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Corporate Social Responsibility (CSR) is an idea that corporations have to consider the interests of customers, employees, shareholders, communities, and ecological considerations in all
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green@work : Magazine : Back Issues : Mar/Apr 2007 : CSR

CORPORATE SOCIAL RESPONSIBILITY

Beyond Green Buildings
The trend in sustainability is migrating away from the industrial-age basics of land and labor, toward the information-age asset base of intellectual and human capital.

by Richard Kadzis


A chtung, baby: The new “uber-sustainability” is here.

It includes design, energy conservation and environmentalism, but it’s more multifaceted; more ubiquitous. Look at what U2 and Bono have come to stand for: a multi-million-dollar entertainment juggernaut pushing an agenda for social justice. As our opening words implore, like U2’s platinum album of the same name, it’s time to pay attention.

Performers, products and practices alike are becoming the levers for a new ethos surrounding social responsibility on a global scale, often without the influence or impact of governments. That sense of responsibility—representing a sort of new-world order—is today characterized by activists and causes, but it extends to global companies.

3BL=People, Planet, Profit

Sustainability is an important piece of corporate social responsibility (CSR). Sustaining enterprises, and human and natural resources is really what it’s coming to mean. Sustainability is gaining traction at an amazing rate since CoreNet Global first identified the triple bottom line (3BL) and CSR as the driving forces of sustainability in 2004 as part of our CoRE 2010 research initiative. Three years later, it appears to be influencing the migration away from the industrial-age basics of land and labor, to the information-age asset base of intellectual and human capital.

Corporations, causes and activists are supplanting governments. Cisco Systems is building a water system for the community in a developing country where it’s expanding. Greenpeace is advising the Chinese national government. Bono is fighting AIDS.

As issues get less local, government is less effective at solving problems. “More people vote for who’s going to stay on ‘Big Brother’ than in government elections,” quipped political economist Dr. Noreena Hertz during September’s CoreNet Global Summit in Lisbon. The former free market advisor to the Russian government was obviously stressing a key indicator about the growing leverage that the globalization of commerce and industry is having on the world.

So the good and the bad that global companies can do for people, communities and societies may even determine success in the marketplace. That’s mainly why, in a recent cover story, CFO Magazine recognized the transformation of CSR from an ancillary enhancement to a centrally strategic practice. Describing it as “virtue rewarded,” CFO’s October issue reported that “companies are suddenly discovering the profit potential of social responsibility.”

Coming from the voice of the C-Suite, there’s no doubt that CSR has been blessed as an acceptable form of free enterprise; that it’s not really some kind of outgrowth of the socialistically prone systems of Europe, the cradle of CSR and sustainability.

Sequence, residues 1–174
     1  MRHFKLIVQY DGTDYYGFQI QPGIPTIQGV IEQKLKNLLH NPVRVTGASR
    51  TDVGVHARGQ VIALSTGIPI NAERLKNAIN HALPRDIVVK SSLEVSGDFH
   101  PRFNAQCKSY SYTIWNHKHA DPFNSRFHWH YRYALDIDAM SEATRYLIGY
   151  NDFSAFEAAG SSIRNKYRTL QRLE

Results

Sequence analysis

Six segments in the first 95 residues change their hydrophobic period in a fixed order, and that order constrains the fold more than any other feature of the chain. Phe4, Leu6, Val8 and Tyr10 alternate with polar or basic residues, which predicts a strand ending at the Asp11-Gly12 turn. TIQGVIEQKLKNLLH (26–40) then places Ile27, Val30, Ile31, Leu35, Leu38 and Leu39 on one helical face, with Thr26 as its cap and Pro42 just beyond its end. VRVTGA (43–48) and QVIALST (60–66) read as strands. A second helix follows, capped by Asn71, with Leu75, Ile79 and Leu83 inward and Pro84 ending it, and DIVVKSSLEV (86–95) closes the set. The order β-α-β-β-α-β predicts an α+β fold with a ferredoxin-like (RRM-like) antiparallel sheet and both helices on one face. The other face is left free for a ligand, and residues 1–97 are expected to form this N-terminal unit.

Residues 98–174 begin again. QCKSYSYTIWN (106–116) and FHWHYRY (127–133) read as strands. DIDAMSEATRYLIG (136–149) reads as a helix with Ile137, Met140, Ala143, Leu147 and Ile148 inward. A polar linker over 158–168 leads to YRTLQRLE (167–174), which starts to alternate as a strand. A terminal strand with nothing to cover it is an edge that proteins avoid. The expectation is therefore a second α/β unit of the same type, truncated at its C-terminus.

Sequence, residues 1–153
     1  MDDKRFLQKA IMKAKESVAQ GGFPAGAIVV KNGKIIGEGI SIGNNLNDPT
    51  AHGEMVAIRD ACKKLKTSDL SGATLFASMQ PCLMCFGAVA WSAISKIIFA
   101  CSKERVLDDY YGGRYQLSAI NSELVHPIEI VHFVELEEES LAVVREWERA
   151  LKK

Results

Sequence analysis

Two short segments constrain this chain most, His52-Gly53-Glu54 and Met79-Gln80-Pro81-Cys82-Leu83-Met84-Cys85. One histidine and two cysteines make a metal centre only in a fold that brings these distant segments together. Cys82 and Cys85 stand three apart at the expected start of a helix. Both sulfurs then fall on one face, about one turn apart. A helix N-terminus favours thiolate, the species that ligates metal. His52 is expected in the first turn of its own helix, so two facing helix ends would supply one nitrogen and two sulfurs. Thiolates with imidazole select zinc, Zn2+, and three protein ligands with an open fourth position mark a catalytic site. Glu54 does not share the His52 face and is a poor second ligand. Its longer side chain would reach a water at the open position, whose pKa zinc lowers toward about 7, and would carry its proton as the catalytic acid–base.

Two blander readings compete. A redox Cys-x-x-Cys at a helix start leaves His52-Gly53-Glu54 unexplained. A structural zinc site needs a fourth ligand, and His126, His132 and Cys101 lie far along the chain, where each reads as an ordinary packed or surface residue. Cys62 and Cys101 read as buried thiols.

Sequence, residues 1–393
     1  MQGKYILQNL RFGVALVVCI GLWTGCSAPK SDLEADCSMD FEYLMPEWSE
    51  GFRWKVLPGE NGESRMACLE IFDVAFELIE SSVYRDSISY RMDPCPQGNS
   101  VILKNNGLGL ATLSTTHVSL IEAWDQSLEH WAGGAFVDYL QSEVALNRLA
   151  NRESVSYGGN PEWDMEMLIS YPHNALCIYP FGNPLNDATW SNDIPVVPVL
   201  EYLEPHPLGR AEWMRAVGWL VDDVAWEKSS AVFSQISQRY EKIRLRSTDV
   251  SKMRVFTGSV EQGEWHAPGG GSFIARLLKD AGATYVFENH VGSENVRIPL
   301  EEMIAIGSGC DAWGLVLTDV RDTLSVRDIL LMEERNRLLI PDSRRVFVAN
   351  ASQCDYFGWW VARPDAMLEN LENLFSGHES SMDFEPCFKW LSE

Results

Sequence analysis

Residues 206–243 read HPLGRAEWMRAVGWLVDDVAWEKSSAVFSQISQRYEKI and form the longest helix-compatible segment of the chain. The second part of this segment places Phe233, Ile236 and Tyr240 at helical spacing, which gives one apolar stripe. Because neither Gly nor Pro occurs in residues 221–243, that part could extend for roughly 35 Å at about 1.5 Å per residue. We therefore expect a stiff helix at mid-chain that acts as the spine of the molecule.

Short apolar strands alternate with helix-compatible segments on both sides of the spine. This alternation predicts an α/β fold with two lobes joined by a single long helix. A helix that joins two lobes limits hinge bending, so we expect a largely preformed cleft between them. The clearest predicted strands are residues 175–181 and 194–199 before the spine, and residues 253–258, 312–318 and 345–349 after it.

Meaningful Role for Corporate Real Estate
CSR simply makes good business sense. “Smart companies are investing in understanding this new environment, and how to manage within it,” Hertz advised. Referring to the CoRE 2010 3BL of sustainable-business models, she added that by being more progressive, global companies “reduce their own risk, increase their own reputations and enhance their profits.”

Dr. Nick Axford of CB Richard Ellis, who coauthored the CoRE 2010 research, refers to it as “altruistic self-interest.”

The fact that CSR is linked to globalizing operations, recruiting and retaining talent, and accessing markets and customers makes it pure business. It also places our industry at the intersection of a significant global business, economic and social shift.

“Responsibility has never been more important or more appealing,” Gensler reported on new research showing that through simple cost-effective measures, sustainable design can support human performance and workplace flexibility.

Myriad examples demonstrate the point that corporate real estate departments, their service providers, and other sides of our industry—such as economic development—have a meaningful role to play in the CSR transformation. Here’s a modest sampling:

• Europe-based ABN AMRO, one of the world’s largest banks, uses a Sustainability Index linked to human resources, stressing the “people” piece of 3BL as its leading form of CSR.

• Adobe Systems attained rare Platinum Leadership in Energy and Environmental Design (LEED) status for its three headquarters towers in San Jose, Calif., for energy savings of $1.2 million annually vs. $1.4 million invested. The payback was realized in only nine months. Return on investment is 121 percent.

• Wal-Mart acquired U.K.-based distributor Gazeley, and in the process bought into the latter’s green warehousing practices throughout Europe.